Amazon Kindle Fire HDX 7" Tablet Review
Amazon falls short with the Kindle Fire HDX 7".
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Digging in the Bargain Bin
Amazon grabs headlines with affordable tablets, but this time the news isn't stellar. The world of seven-inch tablets is rife with low-cost options—though some are definitely high-quality, others are simply cheap. Enter the Kindle Fire HDX 7" ($229 MSRP), an entry-level tablet from Amazon.
Though Amazon's newest tablets bear the Kindle OS' latest-and-greatest features, the devices themselves are hit-or-miss. Sure, a 24-hour customer service video-chat app is an innovative feature, but that only goes so far, given that the HDX's access to content is limited to proprietary sources.
Though the spec sheet reads with many impressive numbers, the HDX 7" still doesn't measure up to the competition. The only thing the HDX has over the Nexus 7 is access to Amazon Prime Instant video. Otherwise, you're paying the same amount of money for ads, a worse screen, poorer battery life, and a worse selection of apps and services. Build quality is also an issue, leading me to believe that the "loss leader" strategy has finally caught up to Amazon.
Lamborghini body, Fiero Chassis
If you do get your hands on a Kindle Fire HDX 7", you'll be treated to a very light and easy to hold tablet. It's almost unnerving how weightless it is, but don't worry: you won't break it easily. Though the headphone jack and microUSB port used for charging are very basic for a tablet, the Kindle Fire HDX 7" sports a camera on either side of the unit. Additionally, the best tablet-based speakers I've ever heard reside on the top of the Kindle Fire HDX.
The soft-touch backing is the perfect texture to combine with the shallow angles of the bezel, and you'll have no trouble using it for hours. Underneath the hood is a market-leading Qualcomm Snapdragon 800 processor, along with 2GB of RAM and a drive starting at 16GB of storage space.
However, the screen is a glaring problem. Not only is the backlight ill-fit for the Kindle Fire HDX's form, but you'll also notice fringing on all edges as a result. It's tough to get over very visible problems like this when you're showing off photos and video to friends, especially when there are better screens for the same price—or cheaper.
As an aside, the low price of the Kindle Fire HDX 7" was assisted in part by the display of advertisements on your lock screen unless you pay extra for them to go away. While it's not a big issue for those who simply flick them away, others may be very annoyed at the prospect of seeing ads in yet another place where there once was none.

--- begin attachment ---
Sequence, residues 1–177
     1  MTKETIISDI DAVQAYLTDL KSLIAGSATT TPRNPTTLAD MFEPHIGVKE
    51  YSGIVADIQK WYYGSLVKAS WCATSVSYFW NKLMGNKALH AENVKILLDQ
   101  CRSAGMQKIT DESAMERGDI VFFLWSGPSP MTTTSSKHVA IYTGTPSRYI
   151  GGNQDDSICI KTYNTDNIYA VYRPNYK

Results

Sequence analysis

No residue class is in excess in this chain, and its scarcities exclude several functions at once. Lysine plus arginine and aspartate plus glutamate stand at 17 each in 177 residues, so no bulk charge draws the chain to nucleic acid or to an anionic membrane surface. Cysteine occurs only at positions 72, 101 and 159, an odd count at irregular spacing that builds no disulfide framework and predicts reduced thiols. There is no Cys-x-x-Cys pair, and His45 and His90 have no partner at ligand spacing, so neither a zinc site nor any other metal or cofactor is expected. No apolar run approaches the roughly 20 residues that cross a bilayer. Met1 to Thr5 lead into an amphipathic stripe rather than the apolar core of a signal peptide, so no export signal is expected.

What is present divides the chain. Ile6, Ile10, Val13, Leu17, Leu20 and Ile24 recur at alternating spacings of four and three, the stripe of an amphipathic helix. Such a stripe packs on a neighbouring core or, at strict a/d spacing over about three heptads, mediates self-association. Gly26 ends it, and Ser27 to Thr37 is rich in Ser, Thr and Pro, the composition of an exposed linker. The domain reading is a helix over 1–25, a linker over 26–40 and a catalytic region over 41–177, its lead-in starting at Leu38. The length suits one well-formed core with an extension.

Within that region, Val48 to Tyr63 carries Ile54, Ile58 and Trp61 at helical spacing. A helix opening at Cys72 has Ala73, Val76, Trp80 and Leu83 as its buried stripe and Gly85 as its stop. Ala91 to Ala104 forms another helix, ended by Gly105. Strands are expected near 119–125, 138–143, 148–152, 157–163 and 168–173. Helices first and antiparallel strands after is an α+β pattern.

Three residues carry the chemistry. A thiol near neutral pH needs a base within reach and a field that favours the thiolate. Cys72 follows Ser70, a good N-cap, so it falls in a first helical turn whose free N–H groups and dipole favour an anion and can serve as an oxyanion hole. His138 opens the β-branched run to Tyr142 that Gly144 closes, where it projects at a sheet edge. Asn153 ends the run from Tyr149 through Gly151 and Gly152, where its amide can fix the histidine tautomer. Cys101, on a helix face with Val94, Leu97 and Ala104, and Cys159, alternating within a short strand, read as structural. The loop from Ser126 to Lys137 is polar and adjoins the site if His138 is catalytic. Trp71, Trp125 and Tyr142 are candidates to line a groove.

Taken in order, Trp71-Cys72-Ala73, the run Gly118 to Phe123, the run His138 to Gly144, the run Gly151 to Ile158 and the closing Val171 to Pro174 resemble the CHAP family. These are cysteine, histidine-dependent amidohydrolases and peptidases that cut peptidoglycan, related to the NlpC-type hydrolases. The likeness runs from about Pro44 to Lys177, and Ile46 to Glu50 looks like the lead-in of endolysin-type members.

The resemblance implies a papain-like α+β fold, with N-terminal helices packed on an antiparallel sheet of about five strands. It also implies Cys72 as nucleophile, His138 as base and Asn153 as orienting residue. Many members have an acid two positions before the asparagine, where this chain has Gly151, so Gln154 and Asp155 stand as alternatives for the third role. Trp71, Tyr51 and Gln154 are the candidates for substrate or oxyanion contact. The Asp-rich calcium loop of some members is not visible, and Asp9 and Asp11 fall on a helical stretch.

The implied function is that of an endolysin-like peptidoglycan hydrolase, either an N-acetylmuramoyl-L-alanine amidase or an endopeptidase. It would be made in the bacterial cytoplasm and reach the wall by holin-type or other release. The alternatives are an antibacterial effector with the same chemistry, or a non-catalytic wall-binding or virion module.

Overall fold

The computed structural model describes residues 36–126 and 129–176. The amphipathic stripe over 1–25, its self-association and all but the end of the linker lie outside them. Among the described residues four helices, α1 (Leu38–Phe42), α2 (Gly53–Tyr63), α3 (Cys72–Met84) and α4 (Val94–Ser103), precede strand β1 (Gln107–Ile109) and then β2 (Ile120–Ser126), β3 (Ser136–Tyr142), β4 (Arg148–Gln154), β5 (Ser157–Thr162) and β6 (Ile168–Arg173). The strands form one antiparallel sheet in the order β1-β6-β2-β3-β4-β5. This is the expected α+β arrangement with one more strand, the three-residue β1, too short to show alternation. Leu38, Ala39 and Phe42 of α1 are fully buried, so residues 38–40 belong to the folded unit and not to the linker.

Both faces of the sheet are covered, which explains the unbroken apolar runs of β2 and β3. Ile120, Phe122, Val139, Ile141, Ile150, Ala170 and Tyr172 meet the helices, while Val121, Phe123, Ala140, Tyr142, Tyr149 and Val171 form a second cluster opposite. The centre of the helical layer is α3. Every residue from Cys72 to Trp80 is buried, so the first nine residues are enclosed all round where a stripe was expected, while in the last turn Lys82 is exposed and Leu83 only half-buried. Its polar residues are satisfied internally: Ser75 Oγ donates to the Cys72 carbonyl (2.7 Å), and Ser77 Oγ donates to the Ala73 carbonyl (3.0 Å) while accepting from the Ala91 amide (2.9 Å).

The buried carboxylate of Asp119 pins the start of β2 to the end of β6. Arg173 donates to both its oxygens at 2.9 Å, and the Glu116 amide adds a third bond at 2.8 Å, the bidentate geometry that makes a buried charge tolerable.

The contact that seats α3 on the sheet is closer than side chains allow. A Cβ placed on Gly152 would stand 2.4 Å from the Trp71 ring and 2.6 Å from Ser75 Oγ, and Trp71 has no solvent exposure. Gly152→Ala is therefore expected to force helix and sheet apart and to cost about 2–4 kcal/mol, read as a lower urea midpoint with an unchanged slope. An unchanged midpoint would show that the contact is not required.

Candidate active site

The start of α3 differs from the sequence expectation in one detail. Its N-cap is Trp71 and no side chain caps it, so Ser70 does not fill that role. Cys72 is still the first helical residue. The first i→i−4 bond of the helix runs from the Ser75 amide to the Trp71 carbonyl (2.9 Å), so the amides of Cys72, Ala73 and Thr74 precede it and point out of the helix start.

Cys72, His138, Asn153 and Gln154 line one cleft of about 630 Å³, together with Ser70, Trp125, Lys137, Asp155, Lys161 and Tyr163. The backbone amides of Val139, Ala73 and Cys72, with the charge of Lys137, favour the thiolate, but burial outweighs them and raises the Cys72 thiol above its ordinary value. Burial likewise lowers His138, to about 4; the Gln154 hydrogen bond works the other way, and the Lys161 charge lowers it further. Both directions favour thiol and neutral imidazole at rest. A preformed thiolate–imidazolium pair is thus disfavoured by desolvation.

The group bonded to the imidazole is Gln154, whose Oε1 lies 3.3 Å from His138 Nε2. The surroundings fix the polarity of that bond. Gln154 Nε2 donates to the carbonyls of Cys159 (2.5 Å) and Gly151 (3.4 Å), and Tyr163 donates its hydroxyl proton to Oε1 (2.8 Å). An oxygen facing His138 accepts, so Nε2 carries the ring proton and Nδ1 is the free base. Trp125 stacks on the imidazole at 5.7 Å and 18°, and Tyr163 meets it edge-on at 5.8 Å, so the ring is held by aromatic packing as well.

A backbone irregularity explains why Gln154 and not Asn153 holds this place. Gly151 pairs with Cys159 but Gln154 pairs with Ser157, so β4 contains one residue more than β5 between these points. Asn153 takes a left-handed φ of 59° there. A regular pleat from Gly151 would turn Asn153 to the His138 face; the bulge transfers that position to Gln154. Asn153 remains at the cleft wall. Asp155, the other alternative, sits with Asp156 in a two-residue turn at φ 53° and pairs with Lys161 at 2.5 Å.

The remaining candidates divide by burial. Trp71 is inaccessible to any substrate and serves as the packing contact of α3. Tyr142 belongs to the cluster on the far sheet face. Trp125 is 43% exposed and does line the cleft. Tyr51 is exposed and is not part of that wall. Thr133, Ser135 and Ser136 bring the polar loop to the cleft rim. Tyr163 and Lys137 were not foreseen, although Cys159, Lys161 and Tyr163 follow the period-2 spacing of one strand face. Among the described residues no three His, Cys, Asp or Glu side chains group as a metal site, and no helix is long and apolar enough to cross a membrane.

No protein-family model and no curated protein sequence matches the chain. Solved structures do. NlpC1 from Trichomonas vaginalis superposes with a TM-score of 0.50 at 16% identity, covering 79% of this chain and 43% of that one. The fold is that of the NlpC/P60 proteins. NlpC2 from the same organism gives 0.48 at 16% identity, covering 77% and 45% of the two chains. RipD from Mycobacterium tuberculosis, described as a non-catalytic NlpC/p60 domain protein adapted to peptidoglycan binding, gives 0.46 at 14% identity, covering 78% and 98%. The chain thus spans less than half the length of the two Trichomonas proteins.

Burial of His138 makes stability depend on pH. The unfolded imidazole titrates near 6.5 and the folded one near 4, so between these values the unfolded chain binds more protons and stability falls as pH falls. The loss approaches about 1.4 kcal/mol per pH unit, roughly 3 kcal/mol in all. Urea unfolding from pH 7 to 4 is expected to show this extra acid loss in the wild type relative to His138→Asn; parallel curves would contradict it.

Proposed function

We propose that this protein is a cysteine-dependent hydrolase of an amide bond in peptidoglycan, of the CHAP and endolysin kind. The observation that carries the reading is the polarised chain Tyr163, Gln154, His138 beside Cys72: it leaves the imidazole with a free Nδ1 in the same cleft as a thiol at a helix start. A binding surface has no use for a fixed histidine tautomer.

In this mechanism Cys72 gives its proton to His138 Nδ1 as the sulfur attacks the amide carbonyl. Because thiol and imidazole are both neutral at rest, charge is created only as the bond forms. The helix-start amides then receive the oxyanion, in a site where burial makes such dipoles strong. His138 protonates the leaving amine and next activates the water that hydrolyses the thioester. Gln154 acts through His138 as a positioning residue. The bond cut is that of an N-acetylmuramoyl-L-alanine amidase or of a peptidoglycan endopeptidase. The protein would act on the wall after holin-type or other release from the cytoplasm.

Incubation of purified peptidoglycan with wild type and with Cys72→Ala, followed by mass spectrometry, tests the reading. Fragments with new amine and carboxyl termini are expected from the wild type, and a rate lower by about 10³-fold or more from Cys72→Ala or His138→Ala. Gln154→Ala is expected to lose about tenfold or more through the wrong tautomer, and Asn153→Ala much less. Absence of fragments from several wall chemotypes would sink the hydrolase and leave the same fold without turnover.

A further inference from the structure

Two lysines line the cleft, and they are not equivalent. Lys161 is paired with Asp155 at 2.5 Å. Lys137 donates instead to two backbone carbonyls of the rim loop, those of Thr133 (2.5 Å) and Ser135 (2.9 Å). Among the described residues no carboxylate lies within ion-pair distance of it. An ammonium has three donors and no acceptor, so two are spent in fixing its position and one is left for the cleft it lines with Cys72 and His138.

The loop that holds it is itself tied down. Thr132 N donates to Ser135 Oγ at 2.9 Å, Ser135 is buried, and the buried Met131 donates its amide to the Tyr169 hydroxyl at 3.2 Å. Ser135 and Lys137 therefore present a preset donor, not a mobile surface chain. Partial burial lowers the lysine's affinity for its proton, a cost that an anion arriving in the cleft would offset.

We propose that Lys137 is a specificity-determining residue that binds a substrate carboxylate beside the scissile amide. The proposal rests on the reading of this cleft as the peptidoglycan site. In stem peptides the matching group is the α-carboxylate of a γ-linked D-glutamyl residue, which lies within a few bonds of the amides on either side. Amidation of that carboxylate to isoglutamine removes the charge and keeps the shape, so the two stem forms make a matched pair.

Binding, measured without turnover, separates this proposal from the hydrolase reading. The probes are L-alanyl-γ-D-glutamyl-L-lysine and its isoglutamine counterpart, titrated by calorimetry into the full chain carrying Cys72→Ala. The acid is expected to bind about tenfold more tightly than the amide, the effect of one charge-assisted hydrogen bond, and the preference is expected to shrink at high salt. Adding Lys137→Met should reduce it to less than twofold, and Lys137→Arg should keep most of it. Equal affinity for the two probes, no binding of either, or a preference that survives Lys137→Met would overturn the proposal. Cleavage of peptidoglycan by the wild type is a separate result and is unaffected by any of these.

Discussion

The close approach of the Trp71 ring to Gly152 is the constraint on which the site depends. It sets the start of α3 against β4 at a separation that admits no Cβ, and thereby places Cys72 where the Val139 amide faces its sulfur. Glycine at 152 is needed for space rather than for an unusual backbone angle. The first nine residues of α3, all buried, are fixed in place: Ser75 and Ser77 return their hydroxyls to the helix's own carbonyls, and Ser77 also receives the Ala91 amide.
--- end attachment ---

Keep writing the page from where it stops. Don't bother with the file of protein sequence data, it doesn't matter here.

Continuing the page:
Despite the good score here, I'm going to roast this tablet. Oddly fitting given its name, but there are several performance issues that don't show up in the lab that any user can plainly see—the screen fringing for one is quite annoying.
Additionally, the processor's performance is shockingly wonky despite sporting a cutting-edge model: from what I found in the lab, the performance takes a nose-dive the lower the power reserves get. If you're playing a lot of games, you can expect to see performance slowdowns rather quickly.
When it comes to instrument measurement, the Kindle Fire HDX is one of the best at reproducing color along the universally-accepted parameters. Additionally, a very wide contrast ratio and bright screen allow comfortable use outside. This is absolutely necessary for the HDX 7" given its high screen reflectivity.
By the numbers this tablet bests its competition quite handily in a few measures, but that's missing the forest for the trees: though that screen might hit some attention-grabbing headlines, it's grossly hindered by things that don't show up on a spreadsheet. Though image and video content will look great, you may be distracted by the constant color fringing on the edges of the screen.
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The idea behind the Kindle Fire HDX is something that was tried before with early Android tablets: If you can't beat the competition on equal footing, why not flank them by outmuscling the competition for cheaper? It worked for Android against Apple, but there's no reason to believe that it will work for Amazon without the user experience to match.
Though their Mayday feature is admittedly a huge feat, it's tough to overlook things like the absence of Google services. You may not think much of YouTube or an official GMail app now, but you'll notice it when it's gone. Now that the latest Kindle Fire can only reach the same price as the Nexus 7 via the support of advertisements on your lock screen, it's a tough sell—especially when there's something better out there for the same price.
The hardware of the Kindle Fire HDX 7" looks good on paper, but put together it's a mess. Though it looks fine before you turn it on, the HDX 7" has low build quality and noticeable problems. The Mayday feature may be enticing, but unless you use Amazon Prime for your streaming content, there's very little reason to buy this tablet.
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